Monday, February 09, 2004
News from the front
The money quote comes from Kent Wong, director of UCLA's Center for Labor Research and Education. He says, "The union in this instance underestimated the commitment on the part of the supermarkets to drastically alter the labor relations scenario. It was taken by surprise by just how fierce and how willing the chains were to risk hundreds of millions of dollars in profits, and their reputations, to bust the union and drastically drive down labor costs."
But what did the union do wrong? As the reporters note in their lead, "By traditional measures, the Southern California grocery strike would seem to be going well for the United Food and Commercial Workers union. Most customers have honored picket lines, strikers have held fast, and the union has inflicted financial damage on the three supermarket chains – Albertsons, Safeway-owned Vons and Kroger's Ralphs, which have lost combined sales of $1 billion because of the fight."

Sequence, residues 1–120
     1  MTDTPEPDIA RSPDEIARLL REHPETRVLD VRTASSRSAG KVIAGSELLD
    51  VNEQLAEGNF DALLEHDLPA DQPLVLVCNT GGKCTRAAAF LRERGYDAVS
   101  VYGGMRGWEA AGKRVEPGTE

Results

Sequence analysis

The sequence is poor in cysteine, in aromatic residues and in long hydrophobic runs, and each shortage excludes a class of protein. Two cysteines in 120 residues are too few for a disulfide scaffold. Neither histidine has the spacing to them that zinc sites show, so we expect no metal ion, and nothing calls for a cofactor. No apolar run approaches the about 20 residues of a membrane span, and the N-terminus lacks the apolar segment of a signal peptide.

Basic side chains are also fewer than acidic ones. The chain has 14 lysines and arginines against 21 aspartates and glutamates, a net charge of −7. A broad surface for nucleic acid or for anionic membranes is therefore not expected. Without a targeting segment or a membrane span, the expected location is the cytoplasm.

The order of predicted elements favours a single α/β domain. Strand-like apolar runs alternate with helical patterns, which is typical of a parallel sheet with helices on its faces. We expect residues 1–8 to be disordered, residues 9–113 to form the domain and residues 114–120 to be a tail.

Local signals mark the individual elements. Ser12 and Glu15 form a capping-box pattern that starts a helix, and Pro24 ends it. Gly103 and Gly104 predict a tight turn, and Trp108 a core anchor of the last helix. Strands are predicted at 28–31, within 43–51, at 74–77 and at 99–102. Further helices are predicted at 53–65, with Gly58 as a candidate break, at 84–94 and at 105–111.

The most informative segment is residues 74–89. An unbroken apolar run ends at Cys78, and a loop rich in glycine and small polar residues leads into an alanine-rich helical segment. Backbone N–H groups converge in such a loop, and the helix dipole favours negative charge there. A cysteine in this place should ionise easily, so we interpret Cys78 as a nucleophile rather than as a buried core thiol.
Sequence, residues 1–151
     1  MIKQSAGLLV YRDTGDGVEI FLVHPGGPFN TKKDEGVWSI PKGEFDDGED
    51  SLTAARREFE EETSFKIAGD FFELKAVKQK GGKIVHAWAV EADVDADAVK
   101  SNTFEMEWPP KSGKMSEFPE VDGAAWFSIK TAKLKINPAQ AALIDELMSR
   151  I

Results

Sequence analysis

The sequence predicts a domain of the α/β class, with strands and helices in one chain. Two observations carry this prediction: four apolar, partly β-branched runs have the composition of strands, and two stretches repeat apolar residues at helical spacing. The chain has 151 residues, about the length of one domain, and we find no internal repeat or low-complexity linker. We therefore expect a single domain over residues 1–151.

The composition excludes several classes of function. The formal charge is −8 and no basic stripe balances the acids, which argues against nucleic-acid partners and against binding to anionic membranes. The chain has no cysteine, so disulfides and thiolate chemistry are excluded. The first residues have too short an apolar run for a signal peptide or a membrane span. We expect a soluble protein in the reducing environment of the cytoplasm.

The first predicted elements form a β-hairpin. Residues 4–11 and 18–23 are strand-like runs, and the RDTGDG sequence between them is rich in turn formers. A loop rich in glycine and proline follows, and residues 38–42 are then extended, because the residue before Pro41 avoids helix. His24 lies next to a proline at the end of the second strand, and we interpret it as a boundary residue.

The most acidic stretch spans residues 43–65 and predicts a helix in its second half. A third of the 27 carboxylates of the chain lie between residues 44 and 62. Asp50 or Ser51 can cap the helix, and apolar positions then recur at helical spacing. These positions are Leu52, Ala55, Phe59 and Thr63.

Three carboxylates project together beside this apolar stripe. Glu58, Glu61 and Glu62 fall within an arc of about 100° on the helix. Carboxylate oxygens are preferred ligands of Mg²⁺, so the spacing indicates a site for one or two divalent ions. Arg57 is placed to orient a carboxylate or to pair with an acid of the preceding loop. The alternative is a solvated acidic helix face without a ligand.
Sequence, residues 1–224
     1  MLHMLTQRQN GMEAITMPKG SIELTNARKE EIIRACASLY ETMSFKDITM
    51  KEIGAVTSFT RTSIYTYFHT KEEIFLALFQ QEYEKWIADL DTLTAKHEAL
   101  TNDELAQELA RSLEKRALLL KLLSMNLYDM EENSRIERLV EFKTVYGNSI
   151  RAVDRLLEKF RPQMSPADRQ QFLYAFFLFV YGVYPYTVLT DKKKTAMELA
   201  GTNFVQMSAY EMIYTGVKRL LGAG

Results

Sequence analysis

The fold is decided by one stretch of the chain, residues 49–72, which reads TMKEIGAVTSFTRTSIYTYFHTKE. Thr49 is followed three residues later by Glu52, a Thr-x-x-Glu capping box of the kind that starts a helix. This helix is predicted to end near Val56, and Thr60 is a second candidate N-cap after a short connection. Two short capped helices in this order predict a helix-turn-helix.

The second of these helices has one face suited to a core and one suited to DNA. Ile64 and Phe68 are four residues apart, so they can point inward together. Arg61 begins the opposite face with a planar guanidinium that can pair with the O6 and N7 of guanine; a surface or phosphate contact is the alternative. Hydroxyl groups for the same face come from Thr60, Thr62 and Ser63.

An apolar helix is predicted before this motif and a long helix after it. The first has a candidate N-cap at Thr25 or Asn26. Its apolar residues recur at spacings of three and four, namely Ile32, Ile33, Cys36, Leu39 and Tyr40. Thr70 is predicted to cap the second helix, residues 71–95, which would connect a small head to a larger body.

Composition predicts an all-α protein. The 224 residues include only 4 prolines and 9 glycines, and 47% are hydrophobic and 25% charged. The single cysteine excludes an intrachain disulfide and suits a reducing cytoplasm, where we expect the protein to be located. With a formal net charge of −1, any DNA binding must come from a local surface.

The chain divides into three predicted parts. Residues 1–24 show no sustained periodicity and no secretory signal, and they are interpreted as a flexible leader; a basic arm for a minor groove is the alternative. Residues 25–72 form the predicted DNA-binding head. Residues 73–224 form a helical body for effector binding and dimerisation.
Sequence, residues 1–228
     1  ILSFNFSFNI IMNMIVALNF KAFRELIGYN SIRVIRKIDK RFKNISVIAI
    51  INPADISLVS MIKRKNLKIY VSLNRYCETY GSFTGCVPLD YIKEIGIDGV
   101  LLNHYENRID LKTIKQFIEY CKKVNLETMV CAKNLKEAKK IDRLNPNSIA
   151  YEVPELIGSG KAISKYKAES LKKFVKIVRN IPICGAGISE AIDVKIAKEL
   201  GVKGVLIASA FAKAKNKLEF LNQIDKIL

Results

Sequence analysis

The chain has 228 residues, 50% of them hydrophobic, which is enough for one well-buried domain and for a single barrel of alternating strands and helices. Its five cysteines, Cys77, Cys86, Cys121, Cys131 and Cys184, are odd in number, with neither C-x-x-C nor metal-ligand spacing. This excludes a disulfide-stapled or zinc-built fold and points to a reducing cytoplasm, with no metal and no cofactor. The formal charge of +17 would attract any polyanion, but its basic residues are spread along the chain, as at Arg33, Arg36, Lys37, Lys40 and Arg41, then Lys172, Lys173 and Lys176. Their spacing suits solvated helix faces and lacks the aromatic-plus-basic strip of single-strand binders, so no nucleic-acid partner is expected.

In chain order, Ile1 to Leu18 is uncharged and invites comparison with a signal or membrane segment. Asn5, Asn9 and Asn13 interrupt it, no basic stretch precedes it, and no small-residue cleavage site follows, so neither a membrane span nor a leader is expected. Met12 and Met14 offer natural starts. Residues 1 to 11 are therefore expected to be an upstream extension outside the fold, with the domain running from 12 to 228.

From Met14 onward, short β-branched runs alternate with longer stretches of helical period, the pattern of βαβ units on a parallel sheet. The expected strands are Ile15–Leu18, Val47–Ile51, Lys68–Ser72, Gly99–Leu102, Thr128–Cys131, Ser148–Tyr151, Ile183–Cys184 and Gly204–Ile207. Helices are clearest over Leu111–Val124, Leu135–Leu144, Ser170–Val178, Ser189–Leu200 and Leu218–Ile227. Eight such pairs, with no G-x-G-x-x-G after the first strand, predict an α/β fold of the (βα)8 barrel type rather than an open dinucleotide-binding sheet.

The union's failure lies, apparently, in not realizing that the supermarkets would hold out this long. But suppose the UFCW had known that the supermarket chains were in for the long haul. What could they have done differently? They could have agreed to give up their health insurance and to institute a wage ceiling for new workers. That is, they could have agreed to join the working poor.
It isn't over yet, and the UFCW may bring the compainies to their knees. But if they don't, and if the chains succeed in busting the union, that doesn't mean the workers were wrong to go on strike. Sometimes losing is better than not fighting.
Don't want the UFCW to be broken? Worried that the three grocery chains are setting a dangerous precedent by colluding in an effort to take health benefits from their workers? Do something about it!
Donate to the Strike Fund.